MONDAY, March 17, 2008 (HealthDay News) -- There was a significant increase in the proportion of food-borne illness outbreaks in the United States linked to leafy green vegetables from 1973 to 2006, but the rise can't be completely explained by increased consumption of leafy greens, researchers say.
"During the 1986-1995 period, U.S. leafy green consumption increased 17 percent from the previous decade. During the same period, the proportion of food-borne disease outbreaks due to leafy greens increased 60 percent. Likewise, during 1996 to 2005, leafy green consumption increased 9 percent, and leafy green-associated outbreaks increased 39 percent," researcher Michael Lynch, of the U.S. Centers for Disease Control and Prevention, said in a prepared statement.
Lynch and his colleagues decided to conduct the study after high-profile spinach and lettuce-related E. coli outbreaks in 2006.
Their analysis of more than 10,000 food-borne illnesses from 1973 to 2006 revealed that leafy greens were involved in a total of 5 percent of all food-borne outbreaks. Most of the leafy green outbreaks were caused by norovirus (60 percent), while others were caused by salmonella (10 percent) and E. coli (9 percent).
"Given recent experiences, that was not a total surprise. What was interesting was when we compared the numbers to consumption data," Lynch said.
He said further investigation is needed to determine why the rate of leafy green-related food-borne illness has increased more than consumption. Many food-borne disease outbreaks can be traced to a problem in food preparation, he said. However, some outbreaks were fairly widespread, which suggests that contamination occurred either on the farm or in the processing plant.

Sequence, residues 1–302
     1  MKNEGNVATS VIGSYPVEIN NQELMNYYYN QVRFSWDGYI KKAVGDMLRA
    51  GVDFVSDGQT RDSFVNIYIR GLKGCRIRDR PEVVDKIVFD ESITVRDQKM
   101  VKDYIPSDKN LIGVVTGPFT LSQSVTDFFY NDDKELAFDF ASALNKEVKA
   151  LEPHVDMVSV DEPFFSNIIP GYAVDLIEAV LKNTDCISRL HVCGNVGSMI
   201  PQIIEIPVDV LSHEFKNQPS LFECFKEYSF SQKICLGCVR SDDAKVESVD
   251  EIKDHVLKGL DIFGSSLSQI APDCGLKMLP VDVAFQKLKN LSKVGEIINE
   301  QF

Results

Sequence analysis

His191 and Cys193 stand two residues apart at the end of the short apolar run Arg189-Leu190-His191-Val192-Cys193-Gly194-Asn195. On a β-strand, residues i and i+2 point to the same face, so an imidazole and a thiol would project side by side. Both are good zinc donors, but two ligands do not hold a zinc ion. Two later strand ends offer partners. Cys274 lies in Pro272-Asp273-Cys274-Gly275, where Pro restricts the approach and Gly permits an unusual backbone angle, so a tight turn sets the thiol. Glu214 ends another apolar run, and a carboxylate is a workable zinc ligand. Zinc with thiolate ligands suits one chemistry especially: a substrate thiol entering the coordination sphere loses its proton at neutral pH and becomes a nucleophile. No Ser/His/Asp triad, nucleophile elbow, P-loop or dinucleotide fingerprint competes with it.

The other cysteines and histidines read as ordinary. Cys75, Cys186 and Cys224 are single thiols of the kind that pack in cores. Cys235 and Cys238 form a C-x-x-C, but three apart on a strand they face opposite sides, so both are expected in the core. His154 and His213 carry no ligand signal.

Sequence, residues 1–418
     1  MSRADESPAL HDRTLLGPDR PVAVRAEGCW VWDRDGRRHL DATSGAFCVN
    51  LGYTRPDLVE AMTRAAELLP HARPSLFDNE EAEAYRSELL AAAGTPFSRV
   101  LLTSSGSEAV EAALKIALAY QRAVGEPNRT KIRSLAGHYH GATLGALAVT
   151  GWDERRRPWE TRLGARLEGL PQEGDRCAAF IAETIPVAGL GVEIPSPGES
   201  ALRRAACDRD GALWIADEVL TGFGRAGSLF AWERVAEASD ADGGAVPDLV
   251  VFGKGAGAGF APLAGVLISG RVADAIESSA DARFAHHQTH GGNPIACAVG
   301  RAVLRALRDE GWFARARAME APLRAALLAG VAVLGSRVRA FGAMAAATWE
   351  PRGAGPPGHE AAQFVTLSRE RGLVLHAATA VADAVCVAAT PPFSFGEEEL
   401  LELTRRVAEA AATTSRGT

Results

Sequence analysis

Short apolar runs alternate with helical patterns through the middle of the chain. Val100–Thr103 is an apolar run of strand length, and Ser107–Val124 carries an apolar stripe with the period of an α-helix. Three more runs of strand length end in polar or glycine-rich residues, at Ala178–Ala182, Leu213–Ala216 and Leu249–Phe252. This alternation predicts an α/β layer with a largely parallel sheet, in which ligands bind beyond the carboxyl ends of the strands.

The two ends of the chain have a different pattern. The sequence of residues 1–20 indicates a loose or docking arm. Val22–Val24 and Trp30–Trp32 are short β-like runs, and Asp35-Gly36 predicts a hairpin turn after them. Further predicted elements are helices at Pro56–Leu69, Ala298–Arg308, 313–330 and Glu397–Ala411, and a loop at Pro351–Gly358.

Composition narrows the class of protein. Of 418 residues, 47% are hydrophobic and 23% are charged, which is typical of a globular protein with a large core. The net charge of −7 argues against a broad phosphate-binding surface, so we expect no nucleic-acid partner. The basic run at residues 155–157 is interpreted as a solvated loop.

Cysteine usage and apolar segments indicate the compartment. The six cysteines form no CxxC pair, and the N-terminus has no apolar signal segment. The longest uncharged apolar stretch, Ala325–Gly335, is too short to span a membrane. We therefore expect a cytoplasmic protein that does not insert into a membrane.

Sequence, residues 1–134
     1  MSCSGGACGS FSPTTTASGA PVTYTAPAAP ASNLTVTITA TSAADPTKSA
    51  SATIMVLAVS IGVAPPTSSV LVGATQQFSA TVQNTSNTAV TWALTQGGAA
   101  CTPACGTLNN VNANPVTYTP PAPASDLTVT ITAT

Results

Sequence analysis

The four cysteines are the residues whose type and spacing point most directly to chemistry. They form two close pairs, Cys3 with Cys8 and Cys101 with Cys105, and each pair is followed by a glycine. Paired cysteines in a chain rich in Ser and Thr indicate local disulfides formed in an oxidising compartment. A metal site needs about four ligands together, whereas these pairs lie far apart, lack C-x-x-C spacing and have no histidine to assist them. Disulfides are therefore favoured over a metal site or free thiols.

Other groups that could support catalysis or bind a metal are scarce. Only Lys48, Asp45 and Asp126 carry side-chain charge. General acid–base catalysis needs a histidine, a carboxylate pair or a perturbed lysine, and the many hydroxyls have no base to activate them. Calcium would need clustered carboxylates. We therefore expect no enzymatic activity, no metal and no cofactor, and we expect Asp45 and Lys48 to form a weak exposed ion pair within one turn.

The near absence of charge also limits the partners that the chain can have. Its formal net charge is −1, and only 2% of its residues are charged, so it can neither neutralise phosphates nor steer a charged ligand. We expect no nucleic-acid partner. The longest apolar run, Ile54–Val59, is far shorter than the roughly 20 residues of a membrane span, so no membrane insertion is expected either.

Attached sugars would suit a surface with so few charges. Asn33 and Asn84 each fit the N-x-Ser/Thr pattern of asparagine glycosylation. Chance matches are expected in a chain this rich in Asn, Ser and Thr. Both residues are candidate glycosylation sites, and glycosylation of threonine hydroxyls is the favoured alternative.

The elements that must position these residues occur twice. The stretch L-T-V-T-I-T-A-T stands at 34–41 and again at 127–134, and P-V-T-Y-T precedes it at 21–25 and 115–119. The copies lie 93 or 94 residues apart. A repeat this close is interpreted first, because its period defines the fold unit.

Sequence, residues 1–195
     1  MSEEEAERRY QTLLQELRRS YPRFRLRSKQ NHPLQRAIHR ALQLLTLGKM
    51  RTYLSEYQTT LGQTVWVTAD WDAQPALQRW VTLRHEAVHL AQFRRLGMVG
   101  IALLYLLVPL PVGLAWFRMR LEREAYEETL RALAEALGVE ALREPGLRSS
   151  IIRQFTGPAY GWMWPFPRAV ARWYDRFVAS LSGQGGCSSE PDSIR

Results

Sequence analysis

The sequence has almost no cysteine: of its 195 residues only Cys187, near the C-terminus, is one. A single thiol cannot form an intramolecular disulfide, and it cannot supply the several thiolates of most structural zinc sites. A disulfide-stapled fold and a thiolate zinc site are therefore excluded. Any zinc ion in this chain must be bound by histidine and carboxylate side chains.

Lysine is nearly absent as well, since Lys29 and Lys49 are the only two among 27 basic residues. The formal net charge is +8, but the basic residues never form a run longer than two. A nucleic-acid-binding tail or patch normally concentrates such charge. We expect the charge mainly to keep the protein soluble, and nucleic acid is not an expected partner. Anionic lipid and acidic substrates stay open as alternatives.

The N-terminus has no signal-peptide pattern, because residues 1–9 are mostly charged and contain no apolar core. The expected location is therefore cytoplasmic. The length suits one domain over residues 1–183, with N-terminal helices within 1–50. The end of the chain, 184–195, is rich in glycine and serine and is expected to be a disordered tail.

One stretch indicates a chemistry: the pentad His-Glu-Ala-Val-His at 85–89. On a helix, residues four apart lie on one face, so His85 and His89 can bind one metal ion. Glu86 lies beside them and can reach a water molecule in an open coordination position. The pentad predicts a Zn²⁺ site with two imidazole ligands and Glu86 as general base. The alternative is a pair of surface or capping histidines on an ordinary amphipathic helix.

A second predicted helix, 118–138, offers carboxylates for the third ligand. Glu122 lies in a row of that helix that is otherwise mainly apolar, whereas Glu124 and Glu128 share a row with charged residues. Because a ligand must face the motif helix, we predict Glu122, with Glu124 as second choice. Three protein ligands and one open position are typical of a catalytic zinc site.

"The proportion of outbreaks due to leafy greens has increased beyond what can be explained by increased consumption. Contamination can occur anywhere along the chain from the farm to the table. Efforts by local, state and federal agencies to control leafy green outbreaks should span from the point of harvest to the point of preparation," Lynch said.
The study findings were presented Monday at the International Conference on Emerging Infectious Diseases, in Atlanta.
In a three-part series published in January, HealthDay detailed the problems with tainted foods plaguing the U.S. food system. In little less than a year and a half, nationwide recalls of tainted products formed their own peculiar food pyramid: meats, vegetables, salads, snacks, fast food, even dessert items. The various pathogens in those products killed at least three people, sickened more than 1,300 others and touched almost every state in the country as well as Canada.
The U.S. Department of Agriculture has more about food safety.